While a PCR-based platform will only enable you to analyze select variants for each of your customers, DNA sequencing reads every single letter of the DNA code. Sequencing can give you the information of a complete genome, all three billion base pairs, which allows you maximum flexibility in your product offerings. Though your initial products may only report on a small number of gene variants and associated traits, you’ll soon want to add new traits, or change the variants as research highlights new genes. If you have all the data from your customers’ DNA, you can easily make these changes and offer new products or insights without asking your customers to send you a new DNA sample. Having complete DNA data also allows you a greater opportunity to partner with pharma or other genetics companies who are interested in growing their genetic database or offering their own personalized products and services to customers.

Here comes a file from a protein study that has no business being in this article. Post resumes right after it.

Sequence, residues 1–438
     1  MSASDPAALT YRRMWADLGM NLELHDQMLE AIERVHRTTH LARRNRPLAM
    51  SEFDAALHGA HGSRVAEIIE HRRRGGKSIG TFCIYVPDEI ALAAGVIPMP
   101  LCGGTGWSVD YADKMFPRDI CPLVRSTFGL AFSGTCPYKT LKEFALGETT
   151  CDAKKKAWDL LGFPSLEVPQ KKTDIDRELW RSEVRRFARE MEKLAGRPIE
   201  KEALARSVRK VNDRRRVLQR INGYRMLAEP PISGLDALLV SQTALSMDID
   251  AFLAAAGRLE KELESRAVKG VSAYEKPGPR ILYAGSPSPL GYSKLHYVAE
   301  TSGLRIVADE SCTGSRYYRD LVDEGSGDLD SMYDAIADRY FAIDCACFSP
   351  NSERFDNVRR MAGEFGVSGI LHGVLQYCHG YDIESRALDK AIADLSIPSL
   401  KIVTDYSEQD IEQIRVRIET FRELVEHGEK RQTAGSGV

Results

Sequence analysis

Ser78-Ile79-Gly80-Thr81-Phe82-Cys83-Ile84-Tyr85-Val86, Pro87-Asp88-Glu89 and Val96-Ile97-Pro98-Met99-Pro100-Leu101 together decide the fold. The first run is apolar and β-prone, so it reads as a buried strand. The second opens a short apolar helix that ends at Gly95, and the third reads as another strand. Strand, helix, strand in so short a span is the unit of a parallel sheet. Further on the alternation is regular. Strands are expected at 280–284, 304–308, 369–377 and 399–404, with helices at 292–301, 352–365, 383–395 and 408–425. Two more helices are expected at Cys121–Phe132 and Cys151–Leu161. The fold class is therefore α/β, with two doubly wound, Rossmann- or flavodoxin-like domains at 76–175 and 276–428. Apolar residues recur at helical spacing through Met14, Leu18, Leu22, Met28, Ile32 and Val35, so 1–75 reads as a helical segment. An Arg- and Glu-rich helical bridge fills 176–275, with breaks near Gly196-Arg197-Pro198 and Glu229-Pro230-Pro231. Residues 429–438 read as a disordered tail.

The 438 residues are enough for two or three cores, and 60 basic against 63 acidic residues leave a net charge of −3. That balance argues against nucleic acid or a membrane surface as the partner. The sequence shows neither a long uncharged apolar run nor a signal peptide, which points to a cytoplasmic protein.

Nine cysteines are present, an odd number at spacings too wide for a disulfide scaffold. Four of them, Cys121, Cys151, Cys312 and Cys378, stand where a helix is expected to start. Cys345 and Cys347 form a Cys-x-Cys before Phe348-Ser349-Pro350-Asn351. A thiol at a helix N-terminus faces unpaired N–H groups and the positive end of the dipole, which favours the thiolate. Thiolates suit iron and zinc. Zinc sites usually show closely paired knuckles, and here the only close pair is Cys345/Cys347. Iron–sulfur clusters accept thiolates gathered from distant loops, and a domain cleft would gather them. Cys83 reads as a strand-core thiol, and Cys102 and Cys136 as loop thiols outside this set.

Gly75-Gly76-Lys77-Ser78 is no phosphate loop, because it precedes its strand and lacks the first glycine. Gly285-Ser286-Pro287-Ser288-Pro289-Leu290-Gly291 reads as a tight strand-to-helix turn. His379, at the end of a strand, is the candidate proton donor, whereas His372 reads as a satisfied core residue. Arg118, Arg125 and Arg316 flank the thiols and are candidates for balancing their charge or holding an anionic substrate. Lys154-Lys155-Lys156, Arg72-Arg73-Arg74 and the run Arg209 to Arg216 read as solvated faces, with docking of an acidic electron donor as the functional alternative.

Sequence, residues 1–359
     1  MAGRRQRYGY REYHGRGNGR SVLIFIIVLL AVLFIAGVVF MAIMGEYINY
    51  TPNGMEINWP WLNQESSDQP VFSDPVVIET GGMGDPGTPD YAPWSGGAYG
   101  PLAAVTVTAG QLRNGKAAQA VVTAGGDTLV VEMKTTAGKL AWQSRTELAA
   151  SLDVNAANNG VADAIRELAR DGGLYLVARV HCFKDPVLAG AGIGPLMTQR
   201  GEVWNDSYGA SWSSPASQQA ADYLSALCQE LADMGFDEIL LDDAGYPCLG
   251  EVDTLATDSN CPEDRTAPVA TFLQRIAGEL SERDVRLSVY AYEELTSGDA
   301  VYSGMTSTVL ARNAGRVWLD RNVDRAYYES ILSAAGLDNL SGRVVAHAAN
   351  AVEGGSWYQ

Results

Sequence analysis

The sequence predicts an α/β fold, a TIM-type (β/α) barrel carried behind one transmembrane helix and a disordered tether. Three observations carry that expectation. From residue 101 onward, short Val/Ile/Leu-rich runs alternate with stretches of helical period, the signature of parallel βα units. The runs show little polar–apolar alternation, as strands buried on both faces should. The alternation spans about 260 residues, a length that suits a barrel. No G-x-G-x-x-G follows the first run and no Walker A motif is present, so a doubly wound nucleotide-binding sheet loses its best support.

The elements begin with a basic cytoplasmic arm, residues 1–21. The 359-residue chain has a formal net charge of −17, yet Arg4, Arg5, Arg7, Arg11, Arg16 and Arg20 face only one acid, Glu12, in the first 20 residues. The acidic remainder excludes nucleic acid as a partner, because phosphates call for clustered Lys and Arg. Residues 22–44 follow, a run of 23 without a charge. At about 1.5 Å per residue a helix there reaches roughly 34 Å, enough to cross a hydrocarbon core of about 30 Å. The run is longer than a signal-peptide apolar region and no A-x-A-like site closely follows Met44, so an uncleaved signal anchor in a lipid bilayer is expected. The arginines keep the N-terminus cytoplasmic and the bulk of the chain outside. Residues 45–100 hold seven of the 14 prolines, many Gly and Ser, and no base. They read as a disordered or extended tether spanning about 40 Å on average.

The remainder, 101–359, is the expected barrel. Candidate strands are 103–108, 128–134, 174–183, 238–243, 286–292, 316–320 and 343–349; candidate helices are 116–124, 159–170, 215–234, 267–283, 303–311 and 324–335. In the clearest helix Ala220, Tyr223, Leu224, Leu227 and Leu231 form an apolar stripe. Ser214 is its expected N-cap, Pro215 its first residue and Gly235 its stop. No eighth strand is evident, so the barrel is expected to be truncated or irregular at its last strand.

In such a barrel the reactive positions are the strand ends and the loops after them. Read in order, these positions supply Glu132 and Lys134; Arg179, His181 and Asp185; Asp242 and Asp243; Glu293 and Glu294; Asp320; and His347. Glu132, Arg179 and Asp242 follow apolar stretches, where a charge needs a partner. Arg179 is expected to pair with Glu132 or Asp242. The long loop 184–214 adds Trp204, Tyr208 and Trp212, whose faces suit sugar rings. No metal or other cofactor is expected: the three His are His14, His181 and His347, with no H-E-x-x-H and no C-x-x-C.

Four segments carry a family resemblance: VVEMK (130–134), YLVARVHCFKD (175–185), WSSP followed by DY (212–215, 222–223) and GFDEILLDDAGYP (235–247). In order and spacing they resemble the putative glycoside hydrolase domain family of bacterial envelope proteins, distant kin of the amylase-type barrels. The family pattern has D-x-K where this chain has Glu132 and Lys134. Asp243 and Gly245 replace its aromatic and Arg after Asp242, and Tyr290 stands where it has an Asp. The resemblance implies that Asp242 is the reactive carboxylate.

The challenge to collecting so much information is that it requires a scalable bioinformatics infrastructure for analysis and data storage. Whole-genome sequencing can be attractive but may not maximize your return on investment. An option is to focus on just the exome, the one percent of the genome that codes for proteins, which can cut your costs and workflow time considerably while still offering a lot of the variants you will need for your products. The Ion AmpliSeq Exome RDY Kit can enrich and create the library you will need for Ion Torrent next-generation sequencing. However, you’ll have to balance the trade-off of your company absorbing costs of getting a new platform up and running for the flexibility and future growth potential that NGS offers.
Single nucleotide polymorphism (SNP) array-based genotyping: Flexibility for good value